Another Pro Tools-only track was what Hanlon calls the “Briggs compressor,” after Young’s former producer: “This was David Briggs’ old RCA mono compressor, to which I sent a combination of the kick and the two U67 mics on the drums via a bus on the BCM10 Neve,” he says. “You get a single track of this mono, smashed, compressed, fat drum sound.
“So, everything we absolutely had to have—the core band sounds—was on those eight analog tracks. I kept the subkick and the Briggs compressor separate, because if Neil decided less is more and he didn’t want me to use them during mixdown, I could leave them out.”
Still, after all the care and wisdom that went into the studio plan, Hanlon did not know what music he was going to hear by the light of an October 2011 full moon when the sessions began: “Neil may have talked to the band about the material, but if he did I wasn’t present. I didn’t know we were doing folk songs until we got in there.”
But even if he had been prepped about the Americana sessions, it would have been hard for the producer/engineer to envision Young and Crazy Horse’s gorgeous and brutal interpretations of chestnuts like “Oh Susannah,” “Clementine” and “Jesus’ Chariot (She’ll Be Comin’ Round the Mountain).” The screaming guitars, the thunderous drums, Young’s plaintive voice… on songs we all sang in grade school. It’s unsettling, in a good way.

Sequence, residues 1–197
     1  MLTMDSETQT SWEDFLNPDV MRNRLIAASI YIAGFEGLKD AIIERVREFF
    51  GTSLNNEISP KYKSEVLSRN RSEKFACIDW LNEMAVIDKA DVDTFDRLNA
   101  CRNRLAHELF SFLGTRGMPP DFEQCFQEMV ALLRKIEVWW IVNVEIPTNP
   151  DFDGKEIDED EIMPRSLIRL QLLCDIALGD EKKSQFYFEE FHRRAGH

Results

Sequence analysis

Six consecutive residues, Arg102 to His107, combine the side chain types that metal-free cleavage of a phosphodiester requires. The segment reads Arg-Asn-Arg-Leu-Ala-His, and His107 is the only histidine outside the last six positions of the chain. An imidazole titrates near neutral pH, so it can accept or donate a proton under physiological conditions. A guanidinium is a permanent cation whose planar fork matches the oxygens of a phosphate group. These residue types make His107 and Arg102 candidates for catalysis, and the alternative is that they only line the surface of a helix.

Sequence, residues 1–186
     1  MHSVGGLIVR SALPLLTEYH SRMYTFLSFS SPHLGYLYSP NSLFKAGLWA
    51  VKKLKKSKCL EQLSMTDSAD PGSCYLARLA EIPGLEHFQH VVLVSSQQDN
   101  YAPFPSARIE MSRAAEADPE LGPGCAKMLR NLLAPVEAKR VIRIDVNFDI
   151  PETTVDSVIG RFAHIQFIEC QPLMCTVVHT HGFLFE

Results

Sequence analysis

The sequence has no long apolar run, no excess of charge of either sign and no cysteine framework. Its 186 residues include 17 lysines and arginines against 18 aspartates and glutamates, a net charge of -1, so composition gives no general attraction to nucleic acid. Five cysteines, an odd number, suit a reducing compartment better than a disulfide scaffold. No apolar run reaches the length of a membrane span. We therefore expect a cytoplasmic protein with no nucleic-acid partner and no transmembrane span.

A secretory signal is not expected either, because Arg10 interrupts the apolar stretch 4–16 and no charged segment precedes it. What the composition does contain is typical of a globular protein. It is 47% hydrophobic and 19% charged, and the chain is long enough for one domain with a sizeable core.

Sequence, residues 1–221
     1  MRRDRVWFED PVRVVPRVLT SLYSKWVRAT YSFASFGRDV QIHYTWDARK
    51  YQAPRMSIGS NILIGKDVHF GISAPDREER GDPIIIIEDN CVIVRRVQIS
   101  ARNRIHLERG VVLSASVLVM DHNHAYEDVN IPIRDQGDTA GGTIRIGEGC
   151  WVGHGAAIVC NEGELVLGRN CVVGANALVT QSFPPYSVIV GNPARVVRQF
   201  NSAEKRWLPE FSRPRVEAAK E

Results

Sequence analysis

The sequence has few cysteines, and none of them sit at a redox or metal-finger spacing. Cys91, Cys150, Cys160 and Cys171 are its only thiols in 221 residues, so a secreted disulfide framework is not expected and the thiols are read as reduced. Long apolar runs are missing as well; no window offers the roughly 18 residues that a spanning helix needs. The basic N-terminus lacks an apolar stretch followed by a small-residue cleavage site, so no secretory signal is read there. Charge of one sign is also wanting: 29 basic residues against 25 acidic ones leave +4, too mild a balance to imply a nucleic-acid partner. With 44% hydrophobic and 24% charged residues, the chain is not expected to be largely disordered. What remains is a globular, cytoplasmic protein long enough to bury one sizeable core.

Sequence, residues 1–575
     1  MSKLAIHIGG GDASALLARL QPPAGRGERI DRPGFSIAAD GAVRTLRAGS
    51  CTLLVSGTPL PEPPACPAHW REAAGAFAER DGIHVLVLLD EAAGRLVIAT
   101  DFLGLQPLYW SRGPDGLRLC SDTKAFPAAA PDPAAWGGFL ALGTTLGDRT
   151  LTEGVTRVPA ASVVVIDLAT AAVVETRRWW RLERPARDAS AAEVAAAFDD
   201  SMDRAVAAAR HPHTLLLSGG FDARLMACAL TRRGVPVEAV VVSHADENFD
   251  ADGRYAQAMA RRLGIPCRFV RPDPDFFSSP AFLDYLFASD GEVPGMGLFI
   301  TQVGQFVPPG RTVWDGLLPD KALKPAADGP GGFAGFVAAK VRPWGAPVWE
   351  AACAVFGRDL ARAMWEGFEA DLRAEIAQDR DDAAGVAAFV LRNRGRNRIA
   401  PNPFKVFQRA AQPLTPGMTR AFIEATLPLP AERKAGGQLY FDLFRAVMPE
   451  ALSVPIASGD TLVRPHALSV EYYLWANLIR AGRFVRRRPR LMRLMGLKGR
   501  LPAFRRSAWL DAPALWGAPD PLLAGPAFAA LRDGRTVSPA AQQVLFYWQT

The Americana sessions took place in those full-moon weeks, October through December 2011. By December, Hanlon was recording some overdubs for the record, including children’s choir sessions at EastWest Studios (Hollywood). After Christmas, he began mixing Americana on the Neve 8078 in Redwood Digital. Then in January, he was asked to be ready for more recording. Full-moon weeks during the next few months would see the band tracking songs with massive instrumental jams that would be edited down into brand-new songs—though some were edited more than others.